Missional transnationals, for us, would then refer to "migrants whose missions initiatives regularly transcend borders." This goes beyond the intermittent short-term missions (STM) trips. This is an ongoing cross-border missions involvement. I am referring specifically to Christians such as the Angs who are simultaneously doing ongoing missions "here" and "there". I have some other friends like them.
Ro and Cecille Euroba immigrated, like the Angs, to Canada in the 1970s. They established themselves in Canada as successful professionals; Ro, a mechanical engineer, and Cecille, a nurse. As they built they developed their Canadian identities, they continued to maintain close cultural ties to the Philippines. They read up on local news, regularly visited the homeland, and supported missions causes when opportunities arose.
After raising their two daughters -- quintessential 2nd Generation Filipino-Canadians, Ro and Cecille celebrated early retirement from their jobs. However, just as soon as they had retired, they embarked on a new transnational ministry. They set up a school in their hometown, and devoted themselves to providing the townsfolk with courses on health, public safety, and evangelism and discipleship. Today, they spend half their year in the Philippines, and half their year in Canada.
The Angs and Eurobas are what I call missional transnationals.
Transnationals are on the rise as Scattered People become established in new lands and return "home" to make a difference. Imagine if we could motivate and mobilise these transnationals to join the missional transnational force?
I want to give you an example of what could be. Despite their geographic proximity (Cuba is approximately 100 miles away from the coast of Florida), Cuba and the United States continue to have strained relations, and free travel between the two countries is still limited. What would happen once the borders between the two countries are opened and the Cuban transmigrants or transnationals flood "back home"? Imagine the massive trans-border movements that will ensue. Can you imagine what opportunities could arise if the Americans of Cuban descent are reached, discipled, and strategically trained in evangelism and discipleship? Imagine their roles in Kingdom building, theological education, leadership development, holistic missions, church planting, and even their roles in the political arena as proponents of transformative legislations. Now think of the Chinese, the South East Asian, the African, the Korean, the Latino, the Japanese, the Slav, the Arab, and the Jewish transnationals, ?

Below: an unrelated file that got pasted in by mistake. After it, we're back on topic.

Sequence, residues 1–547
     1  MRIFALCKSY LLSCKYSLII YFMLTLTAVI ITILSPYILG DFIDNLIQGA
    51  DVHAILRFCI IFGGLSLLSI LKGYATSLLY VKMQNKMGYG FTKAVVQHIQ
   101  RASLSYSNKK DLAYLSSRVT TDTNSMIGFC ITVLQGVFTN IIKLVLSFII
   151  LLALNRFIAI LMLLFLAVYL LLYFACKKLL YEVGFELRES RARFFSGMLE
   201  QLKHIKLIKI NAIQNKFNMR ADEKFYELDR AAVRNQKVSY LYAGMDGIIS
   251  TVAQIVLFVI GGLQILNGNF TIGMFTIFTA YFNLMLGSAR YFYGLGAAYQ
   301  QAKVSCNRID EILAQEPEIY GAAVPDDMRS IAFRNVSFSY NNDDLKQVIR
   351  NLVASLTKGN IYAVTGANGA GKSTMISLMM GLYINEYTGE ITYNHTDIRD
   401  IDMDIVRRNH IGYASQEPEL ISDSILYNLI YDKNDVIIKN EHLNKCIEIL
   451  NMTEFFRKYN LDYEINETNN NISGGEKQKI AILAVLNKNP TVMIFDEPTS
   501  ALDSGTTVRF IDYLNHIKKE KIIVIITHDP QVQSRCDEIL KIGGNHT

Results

The Lausanne Movement seeks to bring the Whole Gospel to the Whole World, motivating, equipping, and mobilising the Transnationals among the Scattered People to take part.
*Photo from http://jaffrayglobal.com/initiatives -- Ang International Education Exchange, angExchange
Sadiri Joy Tira (D.Min., D.Miss.) is the LCWE Senior Associate for Diasporas; Vice President for Diaspora Missions at Advancing Indigenous Missions (AIM); Director of the Institute of Diaspora Missiology at Alliance Graduate School (Philippines); and Diaspora Missiology Specialist at the Jaffray Centre for Global Initiatives at Ambrose University College (Canada).